Even that temporal benefit is very close to running out, as German politicians have reached the point where they may be upping the ante so high that the current bailout and austerity plans will be stopped dead in their tracks and Greece is forced to leave the Eurozone (of their own volition, of course). The tone of Merkel’s administration has noticeably shifted towards strong implications that nothing Greece does will be good enough anymore. German Finance Minister Wolfgang Schauble said on Friday that “we can’t keep sinking money into a bottomless pit”.

The policy cannot command democratic consent over time. The once dominant Pasok party has collapsed to 8pc in the polls. Support is splintering to the far Left and far Right, just like Weimar Germany under the Bruning deflation.

 

The next Greek parliament will be packed with “anti-Memorandum” fire-breathers, and any attempt by Greek elites to prevent elections taking place must push street protests towards revolution.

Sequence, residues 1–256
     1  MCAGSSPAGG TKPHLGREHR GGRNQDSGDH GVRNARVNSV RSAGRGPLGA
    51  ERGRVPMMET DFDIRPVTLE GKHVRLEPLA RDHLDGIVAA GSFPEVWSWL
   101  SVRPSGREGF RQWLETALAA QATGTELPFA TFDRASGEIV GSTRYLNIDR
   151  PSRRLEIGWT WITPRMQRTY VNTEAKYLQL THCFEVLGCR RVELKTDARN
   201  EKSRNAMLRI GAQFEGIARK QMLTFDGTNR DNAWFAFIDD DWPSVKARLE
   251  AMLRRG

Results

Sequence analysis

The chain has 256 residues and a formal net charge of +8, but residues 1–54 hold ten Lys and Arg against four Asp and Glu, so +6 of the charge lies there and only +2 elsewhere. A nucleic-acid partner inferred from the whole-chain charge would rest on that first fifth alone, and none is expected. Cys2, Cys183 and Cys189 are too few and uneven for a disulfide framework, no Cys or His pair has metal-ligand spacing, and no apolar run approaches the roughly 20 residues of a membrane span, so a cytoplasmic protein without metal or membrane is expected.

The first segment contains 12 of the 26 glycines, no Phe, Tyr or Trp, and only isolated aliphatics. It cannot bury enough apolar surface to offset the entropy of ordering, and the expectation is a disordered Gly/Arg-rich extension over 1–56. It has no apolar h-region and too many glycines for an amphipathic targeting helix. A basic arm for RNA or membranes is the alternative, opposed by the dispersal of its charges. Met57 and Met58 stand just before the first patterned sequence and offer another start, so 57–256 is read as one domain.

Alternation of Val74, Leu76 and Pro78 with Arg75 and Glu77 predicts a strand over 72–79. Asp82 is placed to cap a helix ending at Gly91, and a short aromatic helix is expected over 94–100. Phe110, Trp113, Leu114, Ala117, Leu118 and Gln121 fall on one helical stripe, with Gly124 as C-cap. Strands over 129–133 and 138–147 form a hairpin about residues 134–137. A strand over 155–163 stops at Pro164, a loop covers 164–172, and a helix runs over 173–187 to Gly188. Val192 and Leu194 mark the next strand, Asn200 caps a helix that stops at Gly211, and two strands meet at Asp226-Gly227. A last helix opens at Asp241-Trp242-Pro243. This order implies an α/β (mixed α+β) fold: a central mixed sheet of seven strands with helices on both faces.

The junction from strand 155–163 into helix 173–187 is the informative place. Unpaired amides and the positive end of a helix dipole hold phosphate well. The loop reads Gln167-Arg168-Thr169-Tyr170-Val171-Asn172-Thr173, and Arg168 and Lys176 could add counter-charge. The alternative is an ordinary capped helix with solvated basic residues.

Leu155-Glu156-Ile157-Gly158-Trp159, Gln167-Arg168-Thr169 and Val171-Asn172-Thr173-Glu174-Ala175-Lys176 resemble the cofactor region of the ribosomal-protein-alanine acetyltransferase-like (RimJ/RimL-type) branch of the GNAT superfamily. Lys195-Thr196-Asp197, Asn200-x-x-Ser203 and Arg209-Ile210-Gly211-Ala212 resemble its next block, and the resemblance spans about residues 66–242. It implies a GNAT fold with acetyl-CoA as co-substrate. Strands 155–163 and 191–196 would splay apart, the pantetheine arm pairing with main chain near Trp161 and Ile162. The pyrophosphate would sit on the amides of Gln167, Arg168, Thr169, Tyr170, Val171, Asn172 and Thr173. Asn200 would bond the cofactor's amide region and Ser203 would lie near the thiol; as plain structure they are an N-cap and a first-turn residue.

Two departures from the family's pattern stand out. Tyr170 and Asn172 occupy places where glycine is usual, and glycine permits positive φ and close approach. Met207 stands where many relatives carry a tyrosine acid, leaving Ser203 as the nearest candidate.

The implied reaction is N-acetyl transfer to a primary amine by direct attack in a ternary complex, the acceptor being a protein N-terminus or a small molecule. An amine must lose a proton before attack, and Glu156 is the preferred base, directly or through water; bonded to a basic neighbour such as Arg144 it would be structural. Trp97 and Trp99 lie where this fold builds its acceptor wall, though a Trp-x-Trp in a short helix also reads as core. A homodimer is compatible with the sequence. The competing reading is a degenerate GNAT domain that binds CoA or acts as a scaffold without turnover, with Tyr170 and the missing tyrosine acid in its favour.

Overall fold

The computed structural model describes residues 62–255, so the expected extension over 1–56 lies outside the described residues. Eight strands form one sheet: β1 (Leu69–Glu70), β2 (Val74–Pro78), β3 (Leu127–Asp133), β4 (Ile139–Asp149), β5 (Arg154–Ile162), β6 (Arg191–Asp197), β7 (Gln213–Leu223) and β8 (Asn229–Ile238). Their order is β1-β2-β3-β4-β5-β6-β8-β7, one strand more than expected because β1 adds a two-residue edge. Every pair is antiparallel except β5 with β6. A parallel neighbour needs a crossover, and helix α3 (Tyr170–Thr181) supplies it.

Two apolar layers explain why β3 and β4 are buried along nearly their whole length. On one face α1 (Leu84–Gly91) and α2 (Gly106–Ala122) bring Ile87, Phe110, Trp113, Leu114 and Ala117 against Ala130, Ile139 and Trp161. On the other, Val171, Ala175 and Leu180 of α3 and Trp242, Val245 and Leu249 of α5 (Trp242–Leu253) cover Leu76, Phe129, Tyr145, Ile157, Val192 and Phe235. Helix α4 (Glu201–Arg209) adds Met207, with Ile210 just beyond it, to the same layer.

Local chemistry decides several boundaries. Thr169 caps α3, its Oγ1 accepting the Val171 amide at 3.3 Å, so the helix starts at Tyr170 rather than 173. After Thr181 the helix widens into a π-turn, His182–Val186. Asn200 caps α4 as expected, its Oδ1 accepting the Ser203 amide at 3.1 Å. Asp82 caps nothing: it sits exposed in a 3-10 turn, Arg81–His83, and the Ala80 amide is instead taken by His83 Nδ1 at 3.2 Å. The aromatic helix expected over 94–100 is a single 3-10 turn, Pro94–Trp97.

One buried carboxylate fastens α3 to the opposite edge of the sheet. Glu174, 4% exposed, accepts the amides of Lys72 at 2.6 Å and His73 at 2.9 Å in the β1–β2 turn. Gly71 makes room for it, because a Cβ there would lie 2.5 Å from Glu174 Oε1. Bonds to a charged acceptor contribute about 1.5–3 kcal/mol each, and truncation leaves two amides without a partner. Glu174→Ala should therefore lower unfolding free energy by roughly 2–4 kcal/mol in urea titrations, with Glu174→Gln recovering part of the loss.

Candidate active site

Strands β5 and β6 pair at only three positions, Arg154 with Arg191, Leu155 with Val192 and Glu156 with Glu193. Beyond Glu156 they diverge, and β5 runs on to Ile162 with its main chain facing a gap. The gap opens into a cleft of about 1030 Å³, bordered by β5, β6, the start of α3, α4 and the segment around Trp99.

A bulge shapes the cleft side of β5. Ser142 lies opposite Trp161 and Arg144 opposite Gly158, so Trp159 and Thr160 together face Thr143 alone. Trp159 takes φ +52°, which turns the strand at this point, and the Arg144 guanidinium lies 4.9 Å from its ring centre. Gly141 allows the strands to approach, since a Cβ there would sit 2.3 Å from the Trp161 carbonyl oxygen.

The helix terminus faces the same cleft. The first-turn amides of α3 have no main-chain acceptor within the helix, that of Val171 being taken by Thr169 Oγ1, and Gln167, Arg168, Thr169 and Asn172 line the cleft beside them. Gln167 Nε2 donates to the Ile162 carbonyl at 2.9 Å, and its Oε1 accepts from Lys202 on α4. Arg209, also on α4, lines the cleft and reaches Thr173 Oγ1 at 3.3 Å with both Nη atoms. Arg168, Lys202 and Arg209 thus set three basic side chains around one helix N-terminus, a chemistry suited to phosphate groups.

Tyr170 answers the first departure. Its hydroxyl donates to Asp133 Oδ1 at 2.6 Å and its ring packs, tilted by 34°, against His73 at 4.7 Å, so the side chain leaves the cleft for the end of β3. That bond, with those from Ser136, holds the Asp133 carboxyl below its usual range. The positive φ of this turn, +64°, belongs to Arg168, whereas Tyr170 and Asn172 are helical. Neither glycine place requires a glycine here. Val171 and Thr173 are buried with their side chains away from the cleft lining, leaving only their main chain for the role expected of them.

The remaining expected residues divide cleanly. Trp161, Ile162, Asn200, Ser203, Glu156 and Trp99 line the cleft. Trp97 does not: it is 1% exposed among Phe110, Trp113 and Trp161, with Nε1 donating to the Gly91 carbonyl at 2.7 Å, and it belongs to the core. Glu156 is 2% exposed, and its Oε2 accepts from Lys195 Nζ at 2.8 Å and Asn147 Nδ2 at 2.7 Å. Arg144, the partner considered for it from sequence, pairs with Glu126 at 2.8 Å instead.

In a sign of things to come, the Hellenic Police Federation has called for the arrest of Troika officials on Greek soil for attacks on “democracy and national sovereignty”.

 

It is clear that Germany’s finance minister Wolfgang Schäuble wishes to expel Greece from the euro, calculating that Euroland is now strong enough to withstand contagion, and that the European Central Bank’s `Draghi bazooka’ for lenders has eliminated the risk of a financial collapse.

Schauble’s mindset and motive are much less than pure, but he is right – Greece cannot survive in the Eurozone without any bailouts or austerity, and it can’t survive with them either. Even the most measly sums of bailout money that have already been authorized to be used for the Greek people are not being delivered to them, because the Greek government is having trouble “absorbing” the funds. English Katherimini reports:

Delays in Absorption of EU Funds

 

The European Commission is closely monitoring 181 projects in Greece, for which some 11.5 billion euros will be dispersed. While much of this money is going toward infrastructure schemes, 4.3 billion euros is being allocated through the European Social Fund for projects to help with employment.

 

However, Kathimerini understands that of these 4.3 billion euros, more than 1.1 billion has not yet been absorbed despite the unemployment rate surpassing 20 percent in November. The schemes are meant to be overseen by the Education and Labor ministries but they are finding it difficult to get the projects off the ground.